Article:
Stack or Unstack Vectors from a Data Frame or List
Stacking vectors concatenates multiple vectors into a single vector along with a factor indicating where each observation originated. Unstacking reverses this operation.
stack(x, …) # S3 method for default stack(x, …) # S3 method for data.frame stack(x, select, …)
unstack(x, …) # S3 method for default unstack(x, form, …) # S3 method for data.frame unstack(x, form, …)
- a list or data frame to be stacked or unstacked.
- an expression, indicating which variable(s) to select from a data frame.
- a two-sided formula whose left side evaluates to the
vector to be unstacked and whose right side evaluates to the
indicator of the groups to create. Defaults to
formula(x)in the data frame method for
- further arguments passed to or from other methods.
stack function is used to transform data available as
separate columns in a data frame or list into a single column that can
be used in an analysis of variance model or other linear model. The
unstack function reverses this operation. Note that
stack applies to vectors (as determined by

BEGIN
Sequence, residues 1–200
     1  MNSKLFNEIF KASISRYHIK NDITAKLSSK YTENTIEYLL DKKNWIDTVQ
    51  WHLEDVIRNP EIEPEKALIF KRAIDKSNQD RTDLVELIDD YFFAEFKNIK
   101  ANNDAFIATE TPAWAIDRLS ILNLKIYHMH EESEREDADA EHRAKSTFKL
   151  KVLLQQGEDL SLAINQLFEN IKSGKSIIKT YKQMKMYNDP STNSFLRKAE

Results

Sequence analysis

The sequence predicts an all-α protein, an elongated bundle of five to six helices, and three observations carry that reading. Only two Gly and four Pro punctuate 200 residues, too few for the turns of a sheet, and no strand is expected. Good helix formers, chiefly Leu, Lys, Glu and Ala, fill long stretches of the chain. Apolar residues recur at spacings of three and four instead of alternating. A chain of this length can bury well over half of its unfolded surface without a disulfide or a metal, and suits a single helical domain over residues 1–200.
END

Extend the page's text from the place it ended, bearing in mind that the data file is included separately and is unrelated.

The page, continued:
is.vector): non-vector columns (e.g., factors) will be
ignored (with a warning as from R 2.15.0). Where vectors of
different types are selected they are concatenated by
unlist whose help page explains how the type of the
result is chosen. These functions are generic: the supplied methods handle data frames
and objects coercible to lists by
unstack produces a list of columns according to the formula
form. If all the columns have the same length, the resulting
list is coerced to a data frame.
stack produces a data frame with two columns:
xthe observation originated.
require(stats) formula(PlantGrowth) # check the default formula pg <- unstack(PlantGrowth) # unstack according to this formula pg stack(pg) # now put it back together stack(pg, select = -ctrl) # omitting one vector